This lead to an even livelier discussion which had my boys laughing aloud. But I was serious. I reminded them that in the future they need to look for women with genuine substance, who are beautiful inside and out — who love God above all. I warned them that there are women out there who will look very attractive but, like Bladderworts, these women will lead to their demise and ruin. In fact, this breed of woman can turn them into a skeletal version of the men God intends for them to be (in the spiritual sense).

“Beware the Bladderworts, boys! Someday, when you meet someone you think is pretty, I am going to ask you, ‘Is she a bladderwort?’ just to check.”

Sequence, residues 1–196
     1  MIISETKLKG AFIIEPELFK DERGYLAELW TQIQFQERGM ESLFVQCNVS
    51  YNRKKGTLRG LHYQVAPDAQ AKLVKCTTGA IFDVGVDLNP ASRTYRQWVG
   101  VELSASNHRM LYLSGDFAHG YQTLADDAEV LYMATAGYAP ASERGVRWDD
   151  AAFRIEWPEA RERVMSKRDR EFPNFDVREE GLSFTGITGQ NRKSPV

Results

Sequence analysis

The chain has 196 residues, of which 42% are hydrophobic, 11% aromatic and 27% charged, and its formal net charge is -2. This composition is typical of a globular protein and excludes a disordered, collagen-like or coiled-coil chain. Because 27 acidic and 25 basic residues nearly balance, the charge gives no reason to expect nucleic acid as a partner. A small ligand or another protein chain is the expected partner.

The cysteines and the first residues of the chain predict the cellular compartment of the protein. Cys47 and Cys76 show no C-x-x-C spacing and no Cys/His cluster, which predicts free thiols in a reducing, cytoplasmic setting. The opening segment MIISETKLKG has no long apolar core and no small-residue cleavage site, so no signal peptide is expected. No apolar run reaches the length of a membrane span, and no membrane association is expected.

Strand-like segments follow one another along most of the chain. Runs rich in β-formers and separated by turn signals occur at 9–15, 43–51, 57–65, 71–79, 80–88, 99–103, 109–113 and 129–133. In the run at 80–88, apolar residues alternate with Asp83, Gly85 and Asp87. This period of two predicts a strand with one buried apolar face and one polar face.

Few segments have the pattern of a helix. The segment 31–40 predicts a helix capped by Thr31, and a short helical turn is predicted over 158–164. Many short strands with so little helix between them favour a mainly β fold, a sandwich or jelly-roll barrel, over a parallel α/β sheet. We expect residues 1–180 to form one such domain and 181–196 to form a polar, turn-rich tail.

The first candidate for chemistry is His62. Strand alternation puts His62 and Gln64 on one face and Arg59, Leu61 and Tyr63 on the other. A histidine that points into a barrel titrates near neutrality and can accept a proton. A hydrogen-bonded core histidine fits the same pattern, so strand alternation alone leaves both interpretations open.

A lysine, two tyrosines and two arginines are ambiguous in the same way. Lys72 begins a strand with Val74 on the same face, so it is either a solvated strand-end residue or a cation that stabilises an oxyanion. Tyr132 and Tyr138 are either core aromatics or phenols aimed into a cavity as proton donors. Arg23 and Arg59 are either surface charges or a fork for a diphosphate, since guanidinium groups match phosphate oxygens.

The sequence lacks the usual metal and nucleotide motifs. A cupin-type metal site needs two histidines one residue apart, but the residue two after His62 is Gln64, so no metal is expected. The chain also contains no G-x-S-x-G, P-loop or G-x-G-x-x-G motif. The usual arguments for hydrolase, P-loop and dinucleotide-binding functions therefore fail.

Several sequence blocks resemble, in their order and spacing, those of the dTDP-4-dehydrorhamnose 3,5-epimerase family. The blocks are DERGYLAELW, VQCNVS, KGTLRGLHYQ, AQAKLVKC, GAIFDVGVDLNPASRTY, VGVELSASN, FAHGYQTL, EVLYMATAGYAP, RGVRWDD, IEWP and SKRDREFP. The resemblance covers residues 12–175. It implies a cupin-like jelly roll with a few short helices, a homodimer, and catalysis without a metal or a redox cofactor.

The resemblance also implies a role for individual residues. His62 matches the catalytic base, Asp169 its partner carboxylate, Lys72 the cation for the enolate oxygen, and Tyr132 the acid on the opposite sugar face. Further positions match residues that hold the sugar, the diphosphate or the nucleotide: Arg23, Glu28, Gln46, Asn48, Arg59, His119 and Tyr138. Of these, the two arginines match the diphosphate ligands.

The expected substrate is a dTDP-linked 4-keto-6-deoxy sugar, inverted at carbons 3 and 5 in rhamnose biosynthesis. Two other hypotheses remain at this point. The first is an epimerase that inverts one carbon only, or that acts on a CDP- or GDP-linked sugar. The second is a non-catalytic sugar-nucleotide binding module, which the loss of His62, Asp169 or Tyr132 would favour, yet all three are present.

We had another round of guffaws! They liked that one. Bladderwort is such a cool name for a bad woman. It sounds so much like a wart.

My sons are young but I want them to have an internalized checklist of what to look for and avoid in a woman, way before their curiosity in girls is piqued. They are already aware of the affections that naturally develop between a man and a woman. This dynamic is evident everywhere, even in cartoons (sometimes unfortunately so.) They also observe Edric and I as we relate to one another as husband and wife. But romance hasn’t been awakened in them yet. Whew. They are too preoccupied with being boys which is wonderful because it is the best time to pass on principles on courtship (in manageable doses of course!).

Preventive is better than prescriptive. I don’t want to talk about these things when they have already given their hearts away.